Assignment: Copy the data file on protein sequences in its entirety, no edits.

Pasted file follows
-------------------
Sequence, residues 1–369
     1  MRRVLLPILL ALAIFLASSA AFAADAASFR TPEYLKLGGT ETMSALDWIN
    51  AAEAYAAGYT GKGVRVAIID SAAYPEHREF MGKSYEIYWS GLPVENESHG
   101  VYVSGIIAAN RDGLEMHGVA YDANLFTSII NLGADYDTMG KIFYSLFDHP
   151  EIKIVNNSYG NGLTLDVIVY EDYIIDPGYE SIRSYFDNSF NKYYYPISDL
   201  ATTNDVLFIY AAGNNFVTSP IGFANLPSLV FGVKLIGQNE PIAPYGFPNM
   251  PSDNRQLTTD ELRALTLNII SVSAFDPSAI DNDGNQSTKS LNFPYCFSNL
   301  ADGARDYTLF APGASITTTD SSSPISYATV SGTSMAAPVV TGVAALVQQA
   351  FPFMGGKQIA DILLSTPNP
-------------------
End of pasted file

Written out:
Sequence, residues 1–369
     1  MRRVLLPILL ALAIFLASSA AFAADAASFR TPEYLKLGGT ETMSALDWIN
    51  AAEAYAAGYT GKGVRVAIID SAAYPEHREF MGKSYEIYWS GLPVENESHG
   101  VYVSGIIAAN RDGLEMHGVA YDANLFTSII NLGADYDTMG KIFYSLFDHP
   151  EIKIVNNSYG NGLTLDVIVY EDYIIDPGYE SIRSYFDNSF NKYYYPISDL
   201  ATTNDVLFIY AAGNNFVTSP IGFANLPSLV FGVKLIGQNE PIAPYGFPNM
   251  PSDNRQLTTD ELRALTLNII SVSAFDPSAI DNDGNQSTKS LNFPYCFSNL
   301  ADGARDYTLF APGASITTTD SSSPISYATV SGTSMAAPVV TGVAALVQQA
   351  FPFMGGKQIA DILLSTPNP